Visit to a Retreat Center
After a few days off, on another bright, sunny day in Santiago, the Sakyong and a group of 12 people traveled to the land that has been chosen as a site for retreat cabins. After two hours of driving, the country road leading to the site became so steep and rough that two cars had to stay behind. We jumped in the back of an open pick-up truck, happily enduring the dirt and the bumps. When we arrived, the owner of the land was waiting for us at a gazebo with fresh grape juice. The site is on a hill, in the middle of a mountain range, with a stream running across the entire property. Rinpoche walked around the garden and in the hills, talking to everybody and asking about the landscape.
Lunch gave Rinpoche the opportunity to meet with representatives from Argentina (Eduardo Carabelli), Brazil (York Stillman), Chile (Verónica Guzmán), and Julia Sagebien. They talked about the future and the tasks that we must accomplish. They discussed the need for us to work as a unit to invite teachers, coordinate programs, and support each other by sharing resources. In typical country style, the food was abundant: huge steaks, big humitas (Chilean tamales) and salads, all bigger than the plates. Rinpoche said it was the best meal he had eaten in a long time.
On a three-day holiday weekend, eighty members of our sangha from Santiago and other cities just outside Chile, plus five practitioners from other countries, gathered in a school hall that sat at the foot of the Andes. On the first day, Rinpoche offered an all-encompassing talk that, according to older students, covered all the teachings he's been giving during the last five years. Some community members were confused by the new teachings combining Shambhala and Buddhism, but everybody acknowledged a deep connection with the Sakyong and a strong sense of community. We did yoga, and lots of sitting meditation. Rinpoche offered personal interviews. The program ended with a Shambhala vow ceremony and oaths taken by the first five Latin American Shambhala Directors. We then feasted with music, empanadas, and wine to celebrate this joyful weekend of practice and study. Everyone felt open-heartedness, joy, and gratitude towards Rinpoche, who was able to reach through cultural differences and offer us the heart of the teachings. He held a long reception line for people who had not met him personally, and many who just wanted to say goodbye and kiss him.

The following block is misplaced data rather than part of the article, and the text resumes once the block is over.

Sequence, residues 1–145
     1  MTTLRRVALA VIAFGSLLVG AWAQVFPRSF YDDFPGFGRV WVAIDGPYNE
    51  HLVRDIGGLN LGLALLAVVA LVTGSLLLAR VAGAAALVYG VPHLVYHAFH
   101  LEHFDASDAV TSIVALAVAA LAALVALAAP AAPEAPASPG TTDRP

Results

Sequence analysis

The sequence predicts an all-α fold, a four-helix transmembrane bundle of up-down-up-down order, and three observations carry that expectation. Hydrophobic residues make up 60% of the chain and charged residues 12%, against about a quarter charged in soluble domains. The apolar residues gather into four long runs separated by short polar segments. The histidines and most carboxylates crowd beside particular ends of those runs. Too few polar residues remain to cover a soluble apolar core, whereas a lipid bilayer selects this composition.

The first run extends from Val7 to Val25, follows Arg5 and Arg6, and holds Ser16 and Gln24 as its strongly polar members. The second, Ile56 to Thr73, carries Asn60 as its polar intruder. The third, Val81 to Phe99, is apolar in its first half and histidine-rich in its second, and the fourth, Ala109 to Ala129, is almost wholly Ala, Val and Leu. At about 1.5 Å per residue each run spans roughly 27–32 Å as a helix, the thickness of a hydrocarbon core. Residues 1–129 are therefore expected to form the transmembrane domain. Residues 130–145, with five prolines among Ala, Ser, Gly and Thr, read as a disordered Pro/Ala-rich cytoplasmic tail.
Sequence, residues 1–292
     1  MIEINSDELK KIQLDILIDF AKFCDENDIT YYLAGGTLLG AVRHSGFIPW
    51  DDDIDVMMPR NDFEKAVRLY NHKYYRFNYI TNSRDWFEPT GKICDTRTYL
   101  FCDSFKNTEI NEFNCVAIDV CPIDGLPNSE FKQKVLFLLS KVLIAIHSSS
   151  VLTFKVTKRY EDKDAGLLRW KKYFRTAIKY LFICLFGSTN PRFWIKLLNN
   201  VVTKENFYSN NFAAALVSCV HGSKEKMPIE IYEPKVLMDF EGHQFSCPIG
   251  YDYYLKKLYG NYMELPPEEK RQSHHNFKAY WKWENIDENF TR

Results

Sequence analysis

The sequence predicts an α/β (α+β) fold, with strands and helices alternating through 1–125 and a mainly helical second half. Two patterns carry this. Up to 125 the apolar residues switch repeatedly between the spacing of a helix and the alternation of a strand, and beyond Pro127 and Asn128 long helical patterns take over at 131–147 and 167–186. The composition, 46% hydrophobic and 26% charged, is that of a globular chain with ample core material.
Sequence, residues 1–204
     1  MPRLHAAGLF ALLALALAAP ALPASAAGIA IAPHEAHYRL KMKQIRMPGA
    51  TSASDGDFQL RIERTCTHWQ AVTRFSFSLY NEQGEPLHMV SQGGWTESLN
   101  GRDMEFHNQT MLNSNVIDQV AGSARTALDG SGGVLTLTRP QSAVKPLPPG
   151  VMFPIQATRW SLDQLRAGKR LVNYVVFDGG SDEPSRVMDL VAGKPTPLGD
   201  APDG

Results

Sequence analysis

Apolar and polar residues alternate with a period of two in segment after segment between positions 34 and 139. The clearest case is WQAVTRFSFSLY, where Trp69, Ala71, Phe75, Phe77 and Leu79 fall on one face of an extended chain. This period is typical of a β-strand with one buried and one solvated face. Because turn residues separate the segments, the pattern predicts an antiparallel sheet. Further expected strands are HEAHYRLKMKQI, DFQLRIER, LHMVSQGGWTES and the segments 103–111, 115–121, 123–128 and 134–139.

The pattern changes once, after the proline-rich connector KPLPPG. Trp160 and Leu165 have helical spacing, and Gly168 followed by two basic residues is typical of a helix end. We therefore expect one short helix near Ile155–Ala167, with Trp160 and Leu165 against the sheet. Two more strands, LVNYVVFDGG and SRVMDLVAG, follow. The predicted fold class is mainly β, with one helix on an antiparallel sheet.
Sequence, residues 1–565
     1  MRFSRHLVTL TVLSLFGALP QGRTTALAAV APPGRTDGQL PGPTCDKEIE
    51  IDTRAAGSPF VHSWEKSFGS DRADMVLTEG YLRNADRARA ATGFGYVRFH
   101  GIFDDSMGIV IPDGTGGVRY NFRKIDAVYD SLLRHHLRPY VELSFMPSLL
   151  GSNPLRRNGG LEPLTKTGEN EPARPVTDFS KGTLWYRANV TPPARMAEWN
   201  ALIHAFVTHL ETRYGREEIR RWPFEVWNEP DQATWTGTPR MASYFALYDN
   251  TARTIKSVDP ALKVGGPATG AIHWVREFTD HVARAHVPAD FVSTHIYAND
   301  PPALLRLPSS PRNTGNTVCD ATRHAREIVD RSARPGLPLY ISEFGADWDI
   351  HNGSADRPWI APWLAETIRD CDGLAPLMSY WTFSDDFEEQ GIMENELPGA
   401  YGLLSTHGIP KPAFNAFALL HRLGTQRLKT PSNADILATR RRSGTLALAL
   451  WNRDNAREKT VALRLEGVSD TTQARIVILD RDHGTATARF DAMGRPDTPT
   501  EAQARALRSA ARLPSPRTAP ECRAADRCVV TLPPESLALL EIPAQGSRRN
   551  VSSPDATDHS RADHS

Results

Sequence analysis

Sakyong Mipham Rinpoche's visit ended with a dinner that machen Kevin Hoagland prepared for a group of guests at a sangha member's house. He promised he will return to Chile soon, and we hope it will be so. The next day, Rinpoche left Santiago and headed for the beach to rides horses, write poetry, and rest. And on the Monday and Wednesday evenings that followed the visit, when we held our regular open house events, 40 curious people walked through the Shambhala Center doors for the first time!